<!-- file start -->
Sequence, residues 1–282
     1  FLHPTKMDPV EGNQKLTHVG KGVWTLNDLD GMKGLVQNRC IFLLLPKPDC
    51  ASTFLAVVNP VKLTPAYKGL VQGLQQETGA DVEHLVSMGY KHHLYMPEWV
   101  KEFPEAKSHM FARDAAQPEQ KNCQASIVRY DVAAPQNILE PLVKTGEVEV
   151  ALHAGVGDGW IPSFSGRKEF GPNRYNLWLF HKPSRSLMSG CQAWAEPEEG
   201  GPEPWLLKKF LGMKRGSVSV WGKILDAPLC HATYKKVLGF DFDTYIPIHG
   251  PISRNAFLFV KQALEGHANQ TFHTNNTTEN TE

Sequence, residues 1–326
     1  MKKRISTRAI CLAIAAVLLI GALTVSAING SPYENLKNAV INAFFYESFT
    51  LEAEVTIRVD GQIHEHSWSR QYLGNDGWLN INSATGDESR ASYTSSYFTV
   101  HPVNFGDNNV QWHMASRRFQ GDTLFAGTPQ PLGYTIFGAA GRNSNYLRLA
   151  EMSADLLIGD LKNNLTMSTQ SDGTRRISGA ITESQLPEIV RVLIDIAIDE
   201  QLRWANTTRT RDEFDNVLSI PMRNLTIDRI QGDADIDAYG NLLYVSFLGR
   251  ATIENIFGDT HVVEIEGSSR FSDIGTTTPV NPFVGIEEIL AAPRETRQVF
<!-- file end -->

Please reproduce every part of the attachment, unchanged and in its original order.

Sequence, residues 1–282
     1  FLHPTKMDPV EGNQKLTHVG KGVWTLNDLD GMKGLVQNRC IFLLLPKPDC
    51  ASTFLAVVNP VKLTPAYKGL VQGLQQETGA DVEHLVSMGY KHHLYMPEWV
   101  KEFPEAKSHM FARDAAQPEQ KNCQASIVRY DVAAPQNILE PLVKTGEVEV
   151  ALHAGVGDGW IPSFSGRKEF GPNRYNLWLF HKPSRSLMSG CQAWAEPEEG
   201  GPEPWLLKKF LGMKRGSVSV WGKILDAPLC HATYKKVLGF DFDTYIPIHG
   251  PISRNAFLFV KQALEGHANQ TFHTNNTTEN TE

Sequence, residues 1–326
     1  MKKRISTRAI CLAIAAVLLI GALTVSAING SPYENLKNAV INAFFYESFT
    51  LEAEVTIRVD GQIHEHSWSR QYLGNDGWLN INSATGDESR ASYTSSYFTV
   101  HPVNFGDNNV QWHMASRRFQ GDTLFAGTPQ PLGYTIFGAA GRNSNYLRLA
   151  EMSADLLIGD LKNNLTMSTQ SDGTRRISGA ITESQLPEIV RVLIDIAIDE
   201  QLRWANTTRT RDEFDNVLSI PMRNLTIDRI QGDADIDAYG NLLYVSFLGR
   251  ATIENIFGDT HVVEIEGSSR FSDIGTTTPV NPFVGIEEIL AAPRETRQVF